The Boeing CH-47 Chinook is an American twin-engined, tandem rotor, heavy-lift helicopter developed by American rotorcraft company Vertol and manufactured by Boeing Vertol (later renamed Boeing Helicopter, then Boeing Rotorcraft Systems, and now known as the Vertical Lift division of Boeing Defense, Space & Security). The CH-47 is among the heaviest lifting of Western helicopters. Its name, Chinook, is from the Native American Chinook people of Washington state.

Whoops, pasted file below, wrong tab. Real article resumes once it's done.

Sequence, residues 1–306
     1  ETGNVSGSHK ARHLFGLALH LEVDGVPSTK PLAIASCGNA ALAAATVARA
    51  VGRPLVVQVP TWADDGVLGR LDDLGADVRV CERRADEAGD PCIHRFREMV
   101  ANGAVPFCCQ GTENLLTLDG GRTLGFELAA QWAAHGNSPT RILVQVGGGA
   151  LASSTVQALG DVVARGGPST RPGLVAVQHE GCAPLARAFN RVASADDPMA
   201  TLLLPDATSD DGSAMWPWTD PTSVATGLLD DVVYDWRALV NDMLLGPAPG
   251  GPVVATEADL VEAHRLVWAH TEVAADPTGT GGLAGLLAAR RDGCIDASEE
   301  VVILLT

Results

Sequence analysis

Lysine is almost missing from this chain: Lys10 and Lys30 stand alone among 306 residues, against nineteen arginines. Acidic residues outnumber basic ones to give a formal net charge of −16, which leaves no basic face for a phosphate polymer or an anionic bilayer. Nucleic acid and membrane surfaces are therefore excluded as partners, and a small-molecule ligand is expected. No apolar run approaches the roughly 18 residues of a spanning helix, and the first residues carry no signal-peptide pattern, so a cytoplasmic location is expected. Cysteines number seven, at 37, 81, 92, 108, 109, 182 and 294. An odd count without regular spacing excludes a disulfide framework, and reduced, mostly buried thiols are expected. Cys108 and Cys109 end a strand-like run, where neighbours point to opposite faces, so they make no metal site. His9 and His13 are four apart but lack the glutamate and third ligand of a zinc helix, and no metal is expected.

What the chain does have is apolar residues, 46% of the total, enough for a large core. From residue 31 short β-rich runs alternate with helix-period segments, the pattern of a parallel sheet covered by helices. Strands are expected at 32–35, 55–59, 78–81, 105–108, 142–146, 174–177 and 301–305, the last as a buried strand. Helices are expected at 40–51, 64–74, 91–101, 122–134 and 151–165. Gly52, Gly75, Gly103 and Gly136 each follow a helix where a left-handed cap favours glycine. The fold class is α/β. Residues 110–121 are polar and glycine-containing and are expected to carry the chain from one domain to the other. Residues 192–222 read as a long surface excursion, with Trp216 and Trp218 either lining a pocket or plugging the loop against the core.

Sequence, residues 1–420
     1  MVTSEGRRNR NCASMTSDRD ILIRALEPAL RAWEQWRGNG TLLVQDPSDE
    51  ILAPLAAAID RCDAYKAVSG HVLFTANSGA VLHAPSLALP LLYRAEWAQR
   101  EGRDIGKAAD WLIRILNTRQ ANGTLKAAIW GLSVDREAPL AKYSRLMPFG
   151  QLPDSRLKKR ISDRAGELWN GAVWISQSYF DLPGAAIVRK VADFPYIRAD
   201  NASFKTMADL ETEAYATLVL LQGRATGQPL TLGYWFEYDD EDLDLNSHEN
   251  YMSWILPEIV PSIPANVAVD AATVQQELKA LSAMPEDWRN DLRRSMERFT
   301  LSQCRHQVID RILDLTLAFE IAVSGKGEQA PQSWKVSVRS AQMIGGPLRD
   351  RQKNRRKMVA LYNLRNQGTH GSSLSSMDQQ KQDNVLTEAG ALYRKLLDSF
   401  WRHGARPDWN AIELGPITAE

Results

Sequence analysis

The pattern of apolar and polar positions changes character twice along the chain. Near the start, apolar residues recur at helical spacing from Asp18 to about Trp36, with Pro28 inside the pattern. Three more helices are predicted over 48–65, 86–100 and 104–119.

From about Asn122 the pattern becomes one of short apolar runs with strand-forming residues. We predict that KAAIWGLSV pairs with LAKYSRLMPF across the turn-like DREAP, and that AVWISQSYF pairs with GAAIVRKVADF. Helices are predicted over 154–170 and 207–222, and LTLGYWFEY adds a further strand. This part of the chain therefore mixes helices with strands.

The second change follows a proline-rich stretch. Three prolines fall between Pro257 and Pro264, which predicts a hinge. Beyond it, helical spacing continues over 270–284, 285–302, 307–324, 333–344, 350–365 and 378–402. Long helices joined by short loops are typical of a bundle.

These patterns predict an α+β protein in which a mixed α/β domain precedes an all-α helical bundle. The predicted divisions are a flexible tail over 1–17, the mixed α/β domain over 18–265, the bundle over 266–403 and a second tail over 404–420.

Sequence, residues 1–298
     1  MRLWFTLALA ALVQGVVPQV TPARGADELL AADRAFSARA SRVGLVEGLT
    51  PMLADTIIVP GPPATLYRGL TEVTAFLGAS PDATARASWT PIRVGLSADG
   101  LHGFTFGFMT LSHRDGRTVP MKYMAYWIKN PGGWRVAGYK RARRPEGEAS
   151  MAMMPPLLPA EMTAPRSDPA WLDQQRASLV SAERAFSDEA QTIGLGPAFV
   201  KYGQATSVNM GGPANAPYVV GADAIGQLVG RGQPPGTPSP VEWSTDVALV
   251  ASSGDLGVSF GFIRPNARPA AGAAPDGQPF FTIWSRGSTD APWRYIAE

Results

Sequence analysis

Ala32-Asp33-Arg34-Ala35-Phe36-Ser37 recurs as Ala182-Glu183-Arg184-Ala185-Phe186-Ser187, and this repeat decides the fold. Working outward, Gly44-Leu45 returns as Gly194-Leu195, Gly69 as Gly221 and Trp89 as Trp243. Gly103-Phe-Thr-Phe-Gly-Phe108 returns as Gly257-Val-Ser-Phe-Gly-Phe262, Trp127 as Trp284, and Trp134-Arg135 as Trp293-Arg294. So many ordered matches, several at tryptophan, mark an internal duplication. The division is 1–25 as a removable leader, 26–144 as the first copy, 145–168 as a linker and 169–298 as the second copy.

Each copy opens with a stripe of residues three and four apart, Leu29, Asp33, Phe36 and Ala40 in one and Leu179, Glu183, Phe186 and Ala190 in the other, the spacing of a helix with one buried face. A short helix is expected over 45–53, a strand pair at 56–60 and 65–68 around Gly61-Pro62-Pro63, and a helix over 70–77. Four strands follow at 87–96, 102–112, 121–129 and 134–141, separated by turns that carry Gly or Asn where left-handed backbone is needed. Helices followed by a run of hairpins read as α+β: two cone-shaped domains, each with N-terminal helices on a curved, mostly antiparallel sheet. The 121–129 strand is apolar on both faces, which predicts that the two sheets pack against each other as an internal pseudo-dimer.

The Chinook was originally designed by Vertol, which had begun work in 1957 on a new tandem-rotor helicopter, designated as the Vertol Model 107 or V-107. Around the same time, the United States Department of the Army announced its intention to replace the piston engine–powered Sikorsky CH-37 Mojave with a new, gas turbine–powered helicopter. During June 1958, the U.S. Army ordered a small number of V-107s from Vertol under the YHC-1A designation; following testing, it came to be considered by some Army officials to be too heavy for the assault missions and too light for transport purposes. While the YHC-1A would be improved and adopted by the U.S. Marine Corps as the CH-46 Sea Knight, the Army sought a heavier transport helicopter, and ordered an enlarged derivative of the V-107 with the Vertol designation Model 114. Initially designated as the YCH-1B, on 21 September 1961, the preproduction rotorcraft performed its maiden flight. In 1962, the HC-1B was redesignated CH-47A under the 1962 United States Tri-Service aircraft designation system.